Will he go blind before he changes his ways? I hope not, but probably. He is 82 and an ex-fighter pilot from World War 2. We all admire him in many ways. He didn't start hoarding till 10 years ago. Now he can't manage and will surely die amongst his "STUFF". I hope not, but fear so!

(((Dinah))), none of what I said here is for entertainment. This is "Blood and Guts". No matter how tyrannical your Mom may appear to you all, the local health department can set her straight without you fearing reprisal. You will be praised by all for being "sturdy"; as sturdy to your family as you appear to us herein. Trust me. Its not as if you are trying to steal inheritance money by selling off her precious "gems". You'll be helping your Dad with his quality of life, a little.



Re: I'm going to rat out my parents. Any thoughts? Dinah

Posted by TexasChic on September 24, 2004, at 19:31:08

In reply to I'm going to rat out my parents. Any thoughts?, posted by Dinah on September 23, 2004, at 7:18:32

I was my Grandmother's caregiver for 7 years. I just recently moved out and now my Mom takes care of her. I found the Social Worker to be the absolute best person to go to. They know all the ins and outs of the system and can get you the help you need.

As for feeling guilty, there were things I felt guilty about because my Grandmother didn't want to do them (like go to the hospital when she was extremely ill). But I realized, if she was dementia and illness free, she would want these things done. For some reason it made me feel better to think of her spirit after she moves on, with no more illness to cloud her mind, and how she would see what I did was for her benefit. And she be grateful.

I think of my deceased Dad that way too, not like he was, but how he would be in spirit, out of the body that made him mentally ill.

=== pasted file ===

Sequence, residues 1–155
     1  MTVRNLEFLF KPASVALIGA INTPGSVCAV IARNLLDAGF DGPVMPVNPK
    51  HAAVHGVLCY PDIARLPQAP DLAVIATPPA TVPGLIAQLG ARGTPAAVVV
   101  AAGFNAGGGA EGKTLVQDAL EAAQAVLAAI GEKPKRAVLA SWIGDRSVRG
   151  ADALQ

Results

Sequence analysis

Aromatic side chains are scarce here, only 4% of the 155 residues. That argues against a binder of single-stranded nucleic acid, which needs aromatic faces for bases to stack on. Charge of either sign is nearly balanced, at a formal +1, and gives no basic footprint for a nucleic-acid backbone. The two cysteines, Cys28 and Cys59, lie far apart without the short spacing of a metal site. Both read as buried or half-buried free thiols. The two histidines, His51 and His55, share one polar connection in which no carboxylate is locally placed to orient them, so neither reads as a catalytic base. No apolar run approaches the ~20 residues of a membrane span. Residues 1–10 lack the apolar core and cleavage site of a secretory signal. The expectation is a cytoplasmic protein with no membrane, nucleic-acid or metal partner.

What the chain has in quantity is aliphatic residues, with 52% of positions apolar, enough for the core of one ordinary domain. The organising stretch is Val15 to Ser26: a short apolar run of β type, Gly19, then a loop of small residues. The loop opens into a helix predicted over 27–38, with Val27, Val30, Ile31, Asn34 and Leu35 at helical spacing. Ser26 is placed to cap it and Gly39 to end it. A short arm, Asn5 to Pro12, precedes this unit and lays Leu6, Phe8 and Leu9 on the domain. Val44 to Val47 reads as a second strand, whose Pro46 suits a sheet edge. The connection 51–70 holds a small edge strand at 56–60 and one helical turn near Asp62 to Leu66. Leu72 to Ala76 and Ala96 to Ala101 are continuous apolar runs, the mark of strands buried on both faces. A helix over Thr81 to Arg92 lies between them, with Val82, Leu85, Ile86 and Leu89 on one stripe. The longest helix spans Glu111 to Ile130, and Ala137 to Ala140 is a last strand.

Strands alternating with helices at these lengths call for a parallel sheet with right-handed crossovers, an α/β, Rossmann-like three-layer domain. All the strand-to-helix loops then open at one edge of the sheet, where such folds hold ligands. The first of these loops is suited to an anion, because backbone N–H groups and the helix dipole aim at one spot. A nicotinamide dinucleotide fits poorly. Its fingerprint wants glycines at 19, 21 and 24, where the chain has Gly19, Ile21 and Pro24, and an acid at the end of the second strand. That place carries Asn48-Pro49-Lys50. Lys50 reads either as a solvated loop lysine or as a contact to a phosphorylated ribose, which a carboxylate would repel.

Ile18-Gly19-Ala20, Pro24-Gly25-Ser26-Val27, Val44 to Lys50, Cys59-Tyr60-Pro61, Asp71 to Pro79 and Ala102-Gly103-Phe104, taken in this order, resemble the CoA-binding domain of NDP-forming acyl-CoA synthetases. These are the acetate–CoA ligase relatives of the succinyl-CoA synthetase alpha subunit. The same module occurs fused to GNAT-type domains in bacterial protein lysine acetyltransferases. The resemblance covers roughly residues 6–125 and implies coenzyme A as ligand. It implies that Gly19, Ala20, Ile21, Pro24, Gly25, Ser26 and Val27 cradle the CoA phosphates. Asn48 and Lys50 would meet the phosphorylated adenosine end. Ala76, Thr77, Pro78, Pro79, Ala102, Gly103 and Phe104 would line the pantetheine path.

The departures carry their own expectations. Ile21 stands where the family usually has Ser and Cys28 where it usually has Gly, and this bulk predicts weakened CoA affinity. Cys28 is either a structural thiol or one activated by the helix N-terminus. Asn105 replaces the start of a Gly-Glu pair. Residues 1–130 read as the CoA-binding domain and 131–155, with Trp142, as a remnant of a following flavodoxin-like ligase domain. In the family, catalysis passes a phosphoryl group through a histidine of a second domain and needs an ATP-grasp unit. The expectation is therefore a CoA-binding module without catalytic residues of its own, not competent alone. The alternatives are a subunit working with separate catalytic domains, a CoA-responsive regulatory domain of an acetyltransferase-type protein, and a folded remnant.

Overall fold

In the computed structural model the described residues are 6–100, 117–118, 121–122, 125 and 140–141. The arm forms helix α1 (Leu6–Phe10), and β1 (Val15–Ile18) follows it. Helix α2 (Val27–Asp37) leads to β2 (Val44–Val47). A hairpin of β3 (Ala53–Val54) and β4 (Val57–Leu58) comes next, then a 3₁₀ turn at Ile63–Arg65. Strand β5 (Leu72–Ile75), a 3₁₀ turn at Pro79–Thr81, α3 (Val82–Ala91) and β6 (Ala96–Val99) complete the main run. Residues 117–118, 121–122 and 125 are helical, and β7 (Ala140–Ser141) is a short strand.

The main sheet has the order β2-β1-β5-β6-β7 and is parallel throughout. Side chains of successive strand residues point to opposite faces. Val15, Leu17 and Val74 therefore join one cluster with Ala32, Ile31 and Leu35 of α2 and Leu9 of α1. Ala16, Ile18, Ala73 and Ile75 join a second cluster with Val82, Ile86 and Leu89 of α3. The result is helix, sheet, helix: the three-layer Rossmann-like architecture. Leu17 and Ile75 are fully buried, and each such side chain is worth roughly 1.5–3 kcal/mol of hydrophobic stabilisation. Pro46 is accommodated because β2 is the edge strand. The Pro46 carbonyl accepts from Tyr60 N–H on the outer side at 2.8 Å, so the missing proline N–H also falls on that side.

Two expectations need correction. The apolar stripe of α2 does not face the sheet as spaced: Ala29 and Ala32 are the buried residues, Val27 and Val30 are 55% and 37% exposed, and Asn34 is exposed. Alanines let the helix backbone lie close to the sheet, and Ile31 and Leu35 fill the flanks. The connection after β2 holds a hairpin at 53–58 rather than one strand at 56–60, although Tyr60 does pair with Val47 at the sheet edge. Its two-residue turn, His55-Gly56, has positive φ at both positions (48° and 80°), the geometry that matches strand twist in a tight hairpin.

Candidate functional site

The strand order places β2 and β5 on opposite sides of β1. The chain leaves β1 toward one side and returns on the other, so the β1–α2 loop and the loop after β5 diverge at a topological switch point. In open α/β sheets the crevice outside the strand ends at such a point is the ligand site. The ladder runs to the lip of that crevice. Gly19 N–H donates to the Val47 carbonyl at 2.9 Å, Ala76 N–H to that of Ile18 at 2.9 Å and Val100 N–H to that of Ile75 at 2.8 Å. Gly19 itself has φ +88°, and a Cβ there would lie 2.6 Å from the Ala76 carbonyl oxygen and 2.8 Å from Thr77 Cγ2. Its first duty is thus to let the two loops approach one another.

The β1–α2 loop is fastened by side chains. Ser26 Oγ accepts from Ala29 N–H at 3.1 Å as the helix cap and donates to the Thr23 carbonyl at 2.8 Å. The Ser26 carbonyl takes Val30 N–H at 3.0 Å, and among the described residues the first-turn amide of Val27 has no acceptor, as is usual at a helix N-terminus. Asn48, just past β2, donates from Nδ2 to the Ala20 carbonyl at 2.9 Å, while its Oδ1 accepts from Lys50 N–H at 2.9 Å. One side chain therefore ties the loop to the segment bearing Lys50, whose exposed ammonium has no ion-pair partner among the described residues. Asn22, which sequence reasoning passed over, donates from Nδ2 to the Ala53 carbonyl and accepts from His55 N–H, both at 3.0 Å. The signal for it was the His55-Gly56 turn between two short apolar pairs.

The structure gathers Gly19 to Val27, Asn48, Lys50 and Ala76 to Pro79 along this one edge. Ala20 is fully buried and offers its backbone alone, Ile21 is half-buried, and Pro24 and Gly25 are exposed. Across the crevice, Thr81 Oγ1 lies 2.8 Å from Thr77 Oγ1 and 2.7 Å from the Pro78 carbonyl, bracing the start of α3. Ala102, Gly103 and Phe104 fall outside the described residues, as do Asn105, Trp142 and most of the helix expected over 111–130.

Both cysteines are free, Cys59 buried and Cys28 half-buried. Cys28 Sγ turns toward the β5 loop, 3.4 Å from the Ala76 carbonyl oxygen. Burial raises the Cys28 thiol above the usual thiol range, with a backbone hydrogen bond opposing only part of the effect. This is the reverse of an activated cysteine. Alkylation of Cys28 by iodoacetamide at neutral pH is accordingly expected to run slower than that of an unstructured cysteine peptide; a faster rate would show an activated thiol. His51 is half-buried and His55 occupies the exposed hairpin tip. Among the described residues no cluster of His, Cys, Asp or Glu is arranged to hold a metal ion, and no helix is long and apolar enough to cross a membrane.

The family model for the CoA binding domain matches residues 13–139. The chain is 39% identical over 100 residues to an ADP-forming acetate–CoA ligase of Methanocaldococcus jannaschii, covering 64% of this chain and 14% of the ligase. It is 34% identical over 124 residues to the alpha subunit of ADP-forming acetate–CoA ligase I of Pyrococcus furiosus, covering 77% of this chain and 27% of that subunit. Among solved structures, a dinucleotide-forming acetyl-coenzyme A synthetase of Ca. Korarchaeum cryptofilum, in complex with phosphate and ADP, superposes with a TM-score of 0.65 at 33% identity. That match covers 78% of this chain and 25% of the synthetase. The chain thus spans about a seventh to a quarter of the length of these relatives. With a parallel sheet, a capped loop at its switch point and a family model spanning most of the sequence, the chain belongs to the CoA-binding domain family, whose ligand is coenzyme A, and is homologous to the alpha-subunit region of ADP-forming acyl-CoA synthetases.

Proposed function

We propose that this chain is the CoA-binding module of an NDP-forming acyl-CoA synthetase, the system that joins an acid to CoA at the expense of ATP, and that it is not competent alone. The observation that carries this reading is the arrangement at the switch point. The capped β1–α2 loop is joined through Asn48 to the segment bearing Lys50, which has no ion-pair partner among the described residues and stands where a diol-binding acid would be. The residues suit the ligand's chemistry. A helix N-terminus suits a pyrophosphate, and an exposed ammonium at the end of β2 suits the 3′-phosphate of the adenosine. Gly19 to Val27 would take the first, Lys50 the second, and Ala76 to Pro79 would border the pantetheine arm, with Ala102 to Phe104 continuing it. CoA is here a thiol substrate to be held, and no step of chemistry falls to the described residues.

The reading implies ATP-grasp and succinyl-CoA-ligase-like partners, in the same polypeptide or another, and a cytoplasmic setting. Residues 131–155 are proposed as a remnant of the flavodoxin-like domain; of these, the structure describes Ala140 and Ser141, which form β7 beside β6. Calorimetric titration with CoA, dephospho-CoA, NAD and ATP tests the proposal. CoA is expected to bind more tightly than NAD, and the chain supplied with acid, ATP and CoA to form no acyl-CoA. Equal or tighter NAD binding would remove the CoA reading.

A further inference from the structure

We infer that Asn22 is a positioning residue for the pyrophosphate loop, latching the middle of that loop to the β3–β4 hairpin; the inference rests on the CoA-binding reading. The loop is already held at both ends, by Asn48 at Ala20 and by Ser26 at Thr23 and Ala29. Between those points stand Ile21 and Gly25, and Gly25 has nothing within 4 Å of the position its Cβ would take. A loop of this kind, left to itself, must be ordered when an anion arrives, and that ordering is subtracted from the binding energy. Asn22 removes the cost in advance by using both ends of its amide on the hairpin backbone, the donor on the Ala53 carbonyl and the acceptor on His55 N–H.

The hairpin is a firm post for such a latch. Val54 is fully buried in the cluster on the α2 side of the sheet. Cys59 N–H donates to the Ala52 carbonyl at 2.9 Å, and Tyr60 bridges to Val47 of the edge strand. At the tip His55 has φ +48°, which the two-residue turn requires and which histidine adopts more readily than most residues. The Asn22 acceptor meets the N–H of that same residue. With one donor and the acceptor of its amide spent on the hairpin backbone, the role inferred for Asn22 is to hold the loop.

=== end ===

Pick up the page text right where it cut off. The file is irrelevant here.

I know if I got so extremely ill that I could no longer make rational decisions, I would hope someone would do what was best for me, rather than leave me to do harm to myself.


Re: Another thought

Posted by TexasChic on September 24, 2004, at 20:19:53

In reply to Re: I'm going to rat out my parents. Any thoughts? Dinah, posted by TexasChic on September 24, 2004, at 19:31:08

I also have a problem with hoarding. It hasn't progressed to severe, but I realized the extent of it when I moved out and I had to deal with bags and bags of bills dating back several years. This had been going on for a while and I knew it was a problem, but when I had to let my Mom sort through it and throw stuff away, I KNEW it was bad. I cried and screamed and threw a fit, but in the end, I think its the only way it would have gotten done. If you're interested, there is a story of famous brothers who were hoarders named Homer and Langley Collyer. If you google them, its pretty interesting, but kind of gruesome. They actually died because of it. I don't know if that's something good or bad for you to read in your current situation, but when I read it, it made me realize what a serious problem it was, while at the same time making me feel better because I wasn't that bad! It also shows how dangerous it can be in the extreme. But don't read it if you think it will upset you.


I'm so ashamed

Posted by Dinah on September 25, 2004, at 22:52:46

In reply to Re: Another thought, posted by TexasChic on September 24, 2004, at 20:19:53

Because I really can't do any of these really great ideas. If the doctor doesn't do anything with the information, things aren't likely to change.

My father and I were talking about it, and we just can't see any way to make it work without involving government officials. Even if we mustered the courage to throw out *just* the newspapers and magazines (and we'd never manage to get up the nerve to throw anything else away) and cancel the paper, my mother would just order the local paper herself, and maybe add the NY Times and the Wall Street Journal and buy out Publishers Clearing House entire line. I *know* that OCD is a disease, but with her it seems more like a battle she's willing to fight to win at all costs. Like everything else in her life. She maintained the same stubbornness at work and got fired. Her desire to win at all costs has affected her relationships. And she never realizes that winning the battles causes her to lose the war.

Nor can I hire a health worker for my dad against his will. He'd manage to drive off anyone I found, even if I got the courage to do anything about it, which I won't because I'm a spineless worm.